= d/dt, or differentiation with respect to time, t
— r sjko . . .kn
coefficient of cos if/j in ft
~~ coefficient of sin ij/j in fl
perturbation force in the jth mode
__ moment of inertia of the rotor with respect to the transverse
axis passing through the rotor's e.g.
moment of inertia of the rotor with respect to the axis of
symmetry
moment of inertia of the rotor with respect to an axis passing
through the lower bearing perpendicular to the symmetry
axis, /! = / + ML 2 2
upper limit of time interval
distance from bearing O to bearing C (Fig. 1)
I distance from bearing 0 to the rotor's e.g.
= mass of the rotor
= order of the asymptotic approximation
= number of degrees of freedom
weight of the rotor
periodic function of angles 9 and \l/lt..., i//M
normalized coordinate
= first asymptotic approximation of Xjt XJO = aj cos \l/j
= first asymptotic approximation of Xjt Xjo = — aj a&gt;j sin \l/j
I, =
L
a, p
Presented as Paper 72-401 at the AIAA/ASME/SAE 13th Structures,
Structural Dynamics, and Materials Conference, San Antonio, Texas,
April 10-12, 1972; submitted March 18, 1972; revision received
November 8, 1972. The authors wish to acknowledge the financial
support of the National Science Foundation under grant GK-666.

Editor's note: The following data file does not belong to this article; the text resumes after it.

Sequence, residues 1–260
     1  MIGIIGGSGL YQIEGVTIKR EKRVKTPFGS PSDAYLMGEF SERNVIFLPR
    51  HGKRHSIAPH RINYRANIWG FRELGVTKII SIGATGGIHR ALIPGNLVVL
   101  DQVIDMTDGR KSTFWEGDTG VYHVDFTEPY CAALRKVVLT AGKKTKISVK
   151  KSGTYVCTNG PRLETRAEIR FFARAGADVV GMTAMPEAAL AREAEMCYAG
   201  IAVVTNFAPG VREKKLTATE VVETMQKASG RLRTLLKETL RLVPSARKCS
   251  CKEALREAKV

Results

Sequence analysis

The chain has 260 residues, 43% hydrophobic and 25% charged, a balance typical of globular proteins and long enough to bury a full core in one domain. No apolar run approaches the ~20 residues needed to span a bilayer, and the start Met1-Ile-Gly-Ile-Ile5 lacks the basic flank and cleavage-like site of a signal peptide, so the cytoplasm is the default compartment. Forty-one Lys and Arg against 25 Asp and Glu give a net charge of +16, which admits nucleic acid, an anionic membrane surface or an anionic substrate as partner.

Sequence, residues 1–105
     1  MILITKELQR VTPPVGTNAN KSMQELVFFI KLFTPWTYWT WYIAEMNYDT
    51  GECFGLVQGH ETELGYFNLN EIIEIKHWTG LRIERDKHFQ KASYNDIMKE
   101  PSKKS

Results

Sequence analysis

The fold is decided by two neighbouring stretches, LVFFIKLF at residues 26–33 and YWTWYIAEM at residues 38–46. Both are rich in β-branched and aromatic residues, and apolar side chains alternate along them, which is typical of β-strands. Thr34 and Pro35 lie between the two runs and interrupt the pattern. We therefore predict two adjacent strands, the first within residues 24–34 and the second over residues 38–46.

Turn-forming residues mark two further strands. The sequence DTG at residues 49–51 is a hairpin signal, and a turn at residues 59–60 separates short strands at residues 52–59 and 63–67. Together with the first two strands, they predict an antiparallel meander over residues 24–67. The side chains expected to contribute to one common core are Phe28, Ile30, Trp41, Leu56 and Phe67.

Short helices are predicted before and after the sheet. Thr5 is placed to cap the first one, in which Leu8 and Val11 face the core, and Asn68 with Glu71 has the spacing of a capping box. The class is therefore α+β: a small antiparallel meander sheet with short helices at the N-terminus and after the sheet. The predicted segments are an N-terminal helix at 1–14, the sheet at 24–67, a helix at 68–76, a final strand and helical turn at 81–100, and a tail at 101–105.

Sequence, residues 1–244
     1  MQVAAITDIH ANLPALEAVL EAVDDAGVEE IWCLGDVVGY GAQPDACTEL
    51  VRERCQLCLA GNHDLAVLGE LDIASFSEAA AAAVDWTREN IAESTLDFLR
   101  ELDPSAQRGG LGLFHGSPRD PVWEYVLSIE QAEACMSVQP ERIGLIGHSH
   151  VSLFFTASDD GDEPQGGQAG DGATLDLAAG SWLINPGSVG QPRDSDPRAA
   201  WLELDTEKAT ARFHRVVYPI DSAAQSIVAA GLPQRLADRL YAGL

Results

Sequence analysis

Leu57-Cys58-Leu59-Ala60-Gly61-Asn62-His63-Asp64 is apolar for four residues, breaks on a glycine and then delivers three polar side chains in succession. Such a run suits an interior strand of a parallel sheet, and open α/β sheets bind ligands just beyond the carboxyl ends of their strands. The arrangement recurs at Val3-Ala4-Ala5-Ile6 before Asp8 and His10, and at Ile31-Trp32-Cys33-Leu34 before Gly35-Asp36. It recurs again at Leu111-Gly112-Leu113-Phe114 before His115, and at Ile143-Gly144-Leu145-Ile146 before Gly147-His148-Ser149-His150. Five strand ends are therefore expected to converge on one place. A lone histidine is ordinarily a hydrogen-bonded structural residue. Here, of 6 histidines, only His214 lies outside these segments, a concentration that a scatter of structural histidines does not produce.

This paper is also based upon work performed at CO MS AT
Index category: Structural Dynamic Analysis.
* Member of the Technical Staff. Member AIAA.
t Professor, Department of Mechanical and Aerospace Engineering.
Superscripts
l,2,...,m = order of the asymptotic approximation for A., Bjf fjt
Njt Uj, kr; power for the remaining symbols except #'s
Subscripts
c
= coefficient of the cosine function
j
= jth mode
kr
= coefficient of i//r in the harmonic function associated with
the term
/c0
= coefficient of 0 in the harmonic function associated with
the term
s
= coefficient of the sine function
Introduction
N
ONSTATIONARY mechanical systems are those systems
whose parameters, such as mass, stiffness, natural frequency,
and external perturbation frequency, are time dependent. These
systems are frequently encountered in practical applications such